TD Bank Group wrapped the earnings stretch Thursday when it reported a first-quarter profit of $3.7 billion, up from nearly $3.3 billion a year earlier
Canada’s Big Six banks all topped expectations for the first quarter as solid economic growth and volatile markets helped push up bottom lines.
TD Bank Group wrapped the earnings stretch Thursday when it reported a first-quarter profit of $3.7 billion, up from nearly $3.3 billion a year earlier that was boosted by the strength of its Canadian and U.S. retail banking operations.
“Canadian retail had a strong quarter, increased customer activity supported record revenue performance in the personal and commercial bank,” said Kelvin Tran, chief financial officer at TD in an interview.
The higher earnings follow on stronger-than-expected results from RBC, Scotiabank, CIBC, BMO, and National Bank that were broadly boosted in part by high trading revenue as well as personal and commercial loan growth.
The earnings beats come as Canada’s economy grew by 6.7 per cent in the fourth quarter and Statistics Canada estimates January growth at 0.2 per cent, despite Omicron related shutdowns.
Banks have also been boosted by a hot housing market fuelled by low borrowing rates, though that started to change this week with the Bank of Canada raising its benchmark rate by 25 basis points for the first time since 2018.
But banks are also poised to reap higher net interest margins if the central bank continues to raise rates. CIBC says a 100 basis point increase across all rates would boost net interest income by about $450 million, while BMO says it would see about a $540 million increase.
The timeline of those rate increases are less certain as the Bank of Canada said when raising rates that Russia’s invasion of Ukraine was a “major new source of uncertainty.”
The central bank warned that oil and other commodity prices have spiked, which will add to inflation, while negative impacts on confidence and supply chains could weigh on global growth.
On Thursday, bank governor Tiff Macklem said in a speech that the bank has to act to lower inflation, which is running at a three-decade high and is also hotter than the bank expected six months ago.
The uncertainty around the pace of rate increases, inflation, supply chains and geopolitical tension has helped push up trading revenue at Canadian banks. TD benefited somewhat less from this trend than other banks, but the bank rolled out a new mobile trading app in the quarter and did well in other areas, said Tran.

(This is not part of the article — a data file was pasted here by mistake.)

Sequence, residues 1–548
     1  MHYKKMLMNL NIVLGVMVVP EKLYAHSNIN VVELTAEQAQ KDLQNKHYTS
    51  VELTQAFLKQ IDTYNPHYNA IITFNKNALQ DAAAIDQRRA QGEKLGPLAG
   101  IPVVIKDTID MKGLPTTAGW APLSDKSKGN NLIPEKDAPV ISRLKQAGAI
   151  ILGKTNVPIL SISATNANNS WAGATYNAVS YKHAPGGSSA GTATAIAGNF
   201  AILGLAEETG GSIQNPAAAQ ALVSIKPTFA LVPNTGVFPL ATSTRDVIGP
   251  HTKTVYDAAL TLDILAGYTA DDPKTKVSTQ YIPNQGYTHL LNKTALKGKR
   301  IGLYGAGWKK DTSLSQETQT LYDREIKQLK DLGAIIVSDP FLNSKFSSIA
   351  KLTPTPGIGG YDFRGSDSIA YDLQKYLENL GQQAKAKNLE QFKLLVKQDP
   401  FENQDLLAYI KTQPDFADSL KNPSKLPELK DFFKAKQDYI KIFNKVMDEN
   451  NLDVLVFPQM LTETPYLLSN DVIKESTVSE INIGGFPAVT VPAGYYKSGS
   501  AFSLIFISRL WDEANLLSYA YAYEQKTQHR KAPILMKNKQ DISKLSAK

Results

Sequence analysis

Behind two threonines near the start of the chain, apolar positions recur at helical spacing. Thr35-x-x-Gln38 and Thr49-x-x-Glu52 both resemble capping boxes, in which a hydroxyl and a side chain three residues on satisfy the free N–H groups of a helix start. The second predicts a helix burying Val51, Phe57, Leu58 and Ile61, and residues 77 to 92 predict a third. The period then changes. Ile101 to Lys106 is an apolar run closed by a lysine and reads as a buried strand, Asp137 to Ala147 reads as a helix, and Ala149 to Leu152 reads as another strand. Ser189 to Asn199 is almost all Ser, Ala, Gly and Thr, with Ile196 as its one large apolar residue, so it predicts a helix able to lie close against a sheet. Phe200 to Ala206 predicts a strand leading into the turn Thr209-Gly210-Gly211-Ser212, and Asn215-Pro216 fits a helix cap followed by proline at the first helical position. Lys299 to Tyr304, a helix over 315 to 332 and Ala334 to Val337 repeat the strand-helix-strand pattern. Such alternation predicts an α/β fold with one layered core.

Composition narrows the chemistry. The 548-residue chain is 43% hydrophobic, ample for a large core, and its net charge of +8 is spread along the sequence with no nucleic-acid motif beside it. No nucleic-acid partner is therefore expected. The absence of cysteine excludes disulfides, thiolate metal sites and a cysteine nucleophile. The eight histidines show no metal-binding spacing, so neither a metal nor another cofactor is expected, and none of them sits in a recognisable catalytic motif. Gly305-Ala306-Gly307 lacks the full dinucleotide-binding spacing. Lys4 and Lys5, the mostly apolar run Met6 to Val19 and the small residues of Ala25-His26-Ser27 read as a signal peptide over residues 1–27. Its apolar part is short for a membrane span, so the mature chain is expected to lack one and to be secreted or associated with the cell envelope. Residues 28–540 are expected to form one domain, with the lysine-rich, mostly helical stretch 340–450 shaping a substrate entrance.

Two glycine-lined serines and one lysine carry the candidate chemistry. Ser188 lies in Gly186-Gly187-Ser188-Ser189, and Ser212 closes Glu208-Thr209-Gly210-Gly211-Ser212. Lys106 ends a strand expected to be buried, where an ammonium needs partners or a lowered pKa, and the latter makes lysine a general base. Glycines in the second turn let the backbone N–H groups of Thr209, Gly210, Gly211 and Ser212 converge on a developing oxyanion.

“Our results are broader than just trading. The retail bank did really well. We have strong volume growth on both the loans and deposit side in Canada and customer activities are strong.”
On an adjusted basis, TD says it earned $2.08 per diluted share, up from an adjusted profit of $1.83 per diluted share a year ago. Analysts on average had expected an adjusted profit of $2.04 per share, according to financial markets data firm Refinitiv.
Barclays analyst John Aiken said that while the bank beat expectations, results were arguably not as strong as peers, and not just in capital markets.
“The margin compression in domestic retail and weaker loan growth than some of its peers will likely garner some negative attention,” he said in a note.
Scotiabank analyst Meny Grauman said the bank performed well in expense management, but was weaker in most metrics for its personal and commercial banking in Canada.
“While it is hard to call TD’s performance a bad result, the magnitude of the beat was certainly the most modest we have seen across the Big 6 this earnings season.”
On Monday TD announced it was expanding in the southeastern U.S. with a deal to buy First Horizon Corp. for US$13.4 billion.
The bank is paying for the deal with its significant cash holdings that are well above regulated requirements.
Grauman noted that TD has been trading at a premium thanks to its excess capital, and the bank’s greater exposure to central bank rate expectations, but that both drivers have now slackened.
“In the wake of the First Horizon acquisition and curve flattening both of those drivers are becoming headwinds to some extent.”
This report by The Canadian Press was first published March 3, 2022.